doctor is survived by a sister Mr
Delany who lives in Chicago.

[[The following two articles have a vertical break represented by "--"]]

Jet executive
William Santos, 50, advertising -- anager
of Jet and Black Stars, tw -- ohnson
Publications, will be buried Fr -- 
following rites at Walter B. Cook fur -- chapel
on Third Ave. at 85th St.
Santos, who lived in the Co -- rse
Village in the Bronx died Ju -- after
playing a game of tennis. -- os who
published the Urbanite in 19 -- crapped
plans about publishing and join -- Ebony in
1962. He left the Johnson publ -- ons and
worked for Encove Magazine -- fore 
returning to Jet.
He is survived by his wife -- argarete
and sisters Mrs. Lydia Burd -- and Alice
Smith.


Abraham L. Davis,Founded Rights Unit With Dr. King in '57
The Rev. Abraham Lincoln -- Davis, a
founder with the late Rev. -- Martin 
Luther King Jr. of the Southern -- Christian
Leadership Conference and the -- rst black 
member of the New Orleans -- Council,
died on Saturday. He was 6 -- ears old.
An early organizer of sit-in -- and other
nonviolent protests, Mr. Davi -- erved as
vice president of the leaders -- conference
when Dr. King was presid
In the 1960's, when the o -- nization
was in the forefront of the -- il rights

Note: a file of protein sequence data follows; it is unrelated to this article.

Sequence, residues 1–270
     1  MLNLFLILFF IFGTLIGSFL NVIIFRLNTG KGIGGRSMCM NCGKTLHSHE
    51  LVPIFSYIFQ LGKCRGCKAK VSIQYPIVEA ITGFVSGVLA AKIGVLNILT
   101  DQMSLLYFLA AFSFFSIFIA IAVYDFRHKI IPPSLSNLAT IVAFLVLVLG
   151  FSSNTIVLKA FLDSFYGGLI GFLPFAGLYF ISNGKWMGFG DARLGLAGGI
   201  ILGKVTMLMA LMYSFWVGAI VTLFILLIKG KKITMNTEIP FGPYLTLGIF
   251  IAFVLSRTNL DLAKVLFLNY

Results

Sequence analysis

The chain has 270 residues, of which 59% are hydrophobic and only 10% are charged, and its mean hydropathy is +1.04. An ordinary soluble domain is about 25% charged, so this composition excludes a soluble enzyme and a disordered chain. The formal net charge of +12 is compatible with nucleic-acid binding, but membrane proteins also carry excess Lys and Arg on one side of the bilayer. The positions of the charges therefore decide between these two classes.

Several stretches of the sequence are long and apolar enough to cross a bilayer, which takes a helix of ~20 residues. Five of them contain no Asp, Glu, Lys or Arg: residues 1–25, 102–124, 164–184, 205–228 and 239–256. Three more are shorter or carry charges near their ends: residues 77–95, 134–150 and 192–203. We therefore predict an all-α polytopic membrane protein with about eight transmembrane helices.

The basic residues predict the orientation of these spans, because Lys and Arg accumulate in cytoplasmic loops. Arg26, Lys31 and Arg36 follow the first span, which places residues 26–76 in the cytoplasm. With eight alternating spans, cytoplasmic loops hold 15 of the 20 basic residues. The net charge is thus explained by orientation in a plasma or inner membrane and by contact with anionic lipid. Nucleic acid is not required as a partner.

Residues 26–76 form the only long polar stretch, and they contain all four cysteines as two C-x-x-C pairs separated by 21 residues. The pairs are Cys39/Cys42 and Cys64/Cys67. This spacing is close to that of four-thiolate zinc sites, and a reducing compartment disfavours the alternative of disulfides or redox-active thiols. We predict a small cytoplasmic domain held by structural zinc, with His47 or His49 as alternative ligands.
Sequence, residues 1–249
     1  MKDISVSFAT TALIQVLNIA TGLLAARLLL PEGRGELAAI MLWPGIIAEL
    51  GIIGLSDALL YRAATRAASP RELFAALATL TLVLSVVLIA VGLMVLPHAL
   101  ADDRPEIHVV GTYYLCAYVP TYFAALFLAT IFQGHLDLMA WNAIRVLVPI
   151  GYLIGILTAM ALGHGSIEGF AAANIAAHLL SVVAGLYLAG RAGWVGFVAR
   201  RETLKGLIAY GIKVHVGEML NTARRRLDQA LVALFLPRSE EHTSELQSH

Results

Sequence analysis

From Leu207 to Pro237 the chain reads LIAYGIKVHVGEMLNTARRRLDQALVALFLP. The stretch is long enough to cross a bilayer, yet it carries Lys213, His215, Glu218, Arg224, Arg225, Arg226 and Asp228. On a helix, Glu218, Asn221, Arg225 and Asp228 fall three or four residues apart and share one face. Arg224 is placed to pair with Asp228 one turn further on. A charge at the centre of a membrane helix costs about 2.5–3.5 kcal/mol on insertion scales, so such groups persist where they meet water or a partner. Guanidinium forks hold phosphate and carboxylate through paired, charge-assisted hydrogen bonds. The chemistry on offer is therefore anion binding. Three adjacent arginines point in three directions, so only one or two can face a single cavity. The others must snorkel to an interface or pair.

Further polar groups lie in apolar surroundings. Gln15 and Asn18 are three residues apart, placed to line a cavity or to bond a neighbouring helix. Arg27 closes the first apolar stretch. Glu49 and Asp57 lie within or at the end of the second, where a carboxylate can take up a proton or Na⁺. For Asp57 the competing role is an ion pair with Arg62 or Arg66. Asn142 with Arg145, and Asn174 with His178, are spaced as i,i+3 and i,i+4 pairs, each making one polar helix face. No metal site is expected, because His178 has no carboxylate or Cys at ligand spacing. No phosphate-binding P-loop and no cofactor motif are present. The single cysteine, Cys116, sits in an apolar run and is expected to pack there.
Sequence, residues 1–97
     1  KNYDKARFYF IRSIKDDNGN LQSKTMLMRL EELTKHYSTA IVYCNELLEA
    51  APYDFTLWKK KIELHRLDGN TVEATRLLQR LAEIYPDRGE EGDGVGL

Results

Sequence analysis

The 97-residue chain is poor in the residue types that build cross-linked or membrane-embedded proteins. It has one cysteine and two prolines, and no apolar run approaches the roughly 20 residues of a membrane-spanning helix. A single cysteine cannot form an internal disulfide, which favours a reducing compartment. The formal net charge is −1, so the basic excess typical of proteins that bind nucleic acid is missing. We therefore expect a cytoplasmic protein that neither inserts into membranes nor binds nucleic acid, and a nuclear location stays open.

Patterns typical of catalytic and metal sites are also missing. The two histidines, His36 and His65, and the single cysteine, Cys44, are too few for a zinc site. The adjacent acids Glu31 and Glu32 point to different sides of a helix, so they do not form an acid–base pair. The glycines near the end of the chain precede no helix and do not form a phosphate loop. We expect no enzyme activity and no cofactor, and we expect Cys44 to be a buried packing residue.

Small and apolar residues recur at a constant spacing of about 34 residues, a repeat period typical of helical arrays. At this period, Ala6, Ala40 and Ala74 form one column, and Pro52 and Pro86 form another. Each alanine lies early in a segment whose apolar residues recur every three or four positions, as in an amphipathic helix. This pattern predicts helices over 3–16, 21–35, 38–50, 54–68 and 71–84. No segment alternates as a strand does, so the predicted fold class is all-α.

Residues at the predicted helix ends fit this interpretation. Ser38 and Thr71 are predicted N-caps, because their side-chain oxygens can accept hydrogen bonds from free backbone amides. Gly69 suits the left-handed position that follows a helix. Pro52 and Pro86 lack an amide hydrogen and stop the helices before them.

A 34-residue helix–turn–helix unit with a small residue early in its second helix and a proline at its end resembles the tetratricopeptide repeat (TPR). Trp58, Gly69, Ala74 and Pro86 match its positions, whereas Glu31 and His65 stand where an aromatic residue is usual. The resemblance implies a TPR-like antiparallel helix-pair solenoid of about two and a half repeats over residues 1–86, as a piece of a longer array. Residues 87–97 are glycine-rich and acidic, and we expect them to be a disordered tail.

movement in the South, Mr. -- vis was
pastor of the New Zion Bap -- Church
in New Orleans, a post he hel -- ntil
his death. It was in this chu -- in 1957
that he, Dr. King and other b -- clergymen
formed the leadership -- ference.
In 1961 Mayor de Lesseps -- Morrison
of New Orleans appointed M -- Davis as
the city's first director of ra -- elations.


Tribute to the late Robert
premier of St. Kitts-Nevis-Anguilla

By THEODORE R. Britton, Jr.

The United States has lost a true friend, and a valued ally in the passinv of Premier Robert L. Bradshaw. His death comes at a time when his State, shich he founded, was barely a step away from independence, and fully ready to joine th councils of nations at the United Nations.
A well-read student of American history, Bradshaw took pride in the fact that Alexander Hamilton, first U.S. Secretary of the Treasury, was born in Nevis, a part of his state.
He was also proud of his ethnic heritage; a pride duly noted when St. Kitts issued one of the first bi-centennial stamps bearing the portraits of Hamilton, and Crispus Attucks.
Robert L. Bradshaw fought his way up from the sugar cane fields, to leadership of his fellow workers, into the Colonial Legislature, in 1946. Thus, he was one of the senior parliamentarians of the British Commonwealth.
When the newly independent Federation of the West Indies became a nation, he became its Minister of Finance. On its dissolution, he returned to his beloved St. Kitts, and led it into Associated Statehood with Great Britain.